The Historic Foundation of the Mammoth Aerial Tramway

The Mammoth aerial tramway was sometimes referred to as an “aerial ropeway” which was built in 1905 for the United States Refining and Mining Company, the parent company of the Mammoth Copper Company of Kennett, by the Riblet Tramway Company of Spokane, Washington, for about $50,000.

SEE: Exploring Shasta County History with Jeremy Tuggle:

Bella Vista: A lumber town

Legendary Mining Lore: Gold Nuggets of History

Simeon Fisher Southern and the Hazel Creek area

Exploring the rich history of McArthur-Burney Falls Memorial State Park

Cottonwood’s origins, from small 1850s townsite to 1890s growing RR hub

Kimball Plains: Exploring the history of a former western Shasta County settlement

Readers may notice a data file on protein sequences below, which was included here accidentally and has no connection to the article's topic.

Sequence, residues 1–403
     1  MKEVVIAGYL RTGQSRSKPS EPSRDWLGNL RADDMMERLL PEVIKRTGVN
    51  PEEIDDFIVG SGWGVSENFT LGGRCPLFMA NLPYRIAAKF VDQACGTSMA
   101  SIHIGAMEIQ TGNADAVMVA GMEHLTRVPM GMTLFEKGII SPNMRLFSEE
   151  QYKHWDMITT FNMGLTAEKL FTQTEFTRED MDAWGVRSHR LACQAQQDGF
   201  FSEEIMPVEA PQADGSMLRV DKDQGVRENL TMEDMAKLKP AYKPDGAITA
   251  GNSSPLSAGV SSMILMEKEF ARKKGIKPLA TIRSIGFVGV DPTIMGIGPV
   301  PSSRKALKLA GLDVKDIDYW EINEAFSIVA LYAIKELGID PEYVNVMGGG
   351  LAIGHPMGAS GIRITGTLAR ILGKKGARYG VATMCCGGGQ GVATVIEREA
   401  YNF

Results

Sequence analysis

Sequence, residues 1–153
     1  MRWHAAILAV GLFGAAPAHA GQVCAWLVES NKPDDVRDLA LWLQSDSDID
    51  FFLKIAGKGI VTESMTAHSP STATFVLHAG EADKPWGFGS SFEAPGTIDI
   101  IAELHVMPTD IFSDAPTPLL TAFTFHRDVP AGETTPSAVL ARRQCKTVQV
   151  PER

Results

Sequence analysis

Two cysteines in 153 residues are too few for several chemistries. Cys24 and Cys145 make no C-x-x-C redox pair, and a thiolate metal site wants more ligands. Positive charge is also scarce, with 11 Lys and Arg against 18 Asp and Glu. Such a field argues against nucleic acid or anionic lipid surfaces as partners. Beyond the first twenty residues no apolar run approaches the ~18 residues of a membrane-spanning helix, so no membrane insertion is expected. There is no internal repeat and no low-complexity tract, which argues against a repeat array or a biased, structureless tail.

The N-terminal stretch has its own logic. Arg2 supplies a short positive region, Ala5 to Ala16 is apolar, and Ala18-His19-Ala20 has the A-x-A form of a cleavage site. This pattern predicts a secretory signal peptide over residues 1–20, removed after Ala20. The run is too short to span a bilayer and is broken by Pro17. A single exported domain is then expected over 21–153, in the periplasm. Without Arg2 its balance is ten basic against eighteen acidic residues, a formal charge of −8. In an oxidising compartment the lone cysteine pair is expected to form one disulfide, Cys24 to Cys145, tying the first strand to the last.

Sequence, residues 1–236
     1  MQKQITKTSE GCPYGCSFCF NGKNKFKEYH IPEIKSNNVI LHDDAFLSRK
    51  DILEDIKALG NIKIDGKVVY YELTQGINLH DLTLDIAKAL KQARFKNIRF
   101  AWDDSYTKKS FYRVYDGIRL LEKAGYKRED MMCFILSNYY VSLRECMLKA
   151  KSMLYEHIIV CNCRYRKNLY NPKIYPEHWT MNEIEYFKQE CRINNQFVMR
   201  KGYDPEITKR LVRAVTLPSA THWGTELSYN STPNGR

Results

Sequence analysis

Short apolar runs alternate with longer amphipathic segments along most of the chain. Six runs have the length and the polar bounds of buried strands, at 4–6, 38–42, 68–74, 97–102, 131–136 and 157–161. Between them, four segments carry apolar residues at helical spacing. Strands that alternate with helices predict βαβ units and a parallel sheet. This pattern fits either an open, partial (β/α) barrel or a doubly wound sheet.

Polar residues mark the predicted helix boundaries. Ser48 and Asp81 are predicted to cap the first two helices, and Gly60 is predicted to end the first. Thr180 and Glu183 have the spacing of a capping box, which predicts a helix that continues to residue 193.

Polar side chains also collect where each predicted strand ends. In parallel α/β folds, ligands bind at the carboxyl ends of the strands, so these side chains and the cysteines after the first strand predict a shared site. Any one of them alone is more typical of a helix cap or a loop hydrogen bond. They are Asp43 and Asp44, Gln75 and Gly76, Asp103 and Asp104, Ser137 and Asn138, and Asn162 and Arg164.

That year, the Mammoth Copper Company began large scale mining operations at the Mammoth mine when their brand-new smelter was blown-in during October of 1905, which was located on Little Backbone Creek and in the boundaries of the Backbone mining district. This aerial tramway system began operations in the fall of 1906.

The Mammoth aerial tramway is shown above conveying ore in large buckets and transporting timber as well. This picture is from the Sacramento Daily Union newspaper edition of December 11, 1906.

In an excerpt of an article the following was published by the Sacramento Daily Union newspaper claiming that it was “…used for the transportation of copper ore from the mine for treatment in the smelter. It is however, used for a double purpose and freight and lumber is shipped by this means to the mine. The tramway is operated by gravity, the weight of the heavy copper ore causing the endless rope to travel around the large shelve wheels and furnish power enough to carry thousands of pounds of freight up the heavy incline. The ore is loaded into the buckets by automatic feeders and dumped direct into the large bins on the furnace floor at smelter. “ (SIC)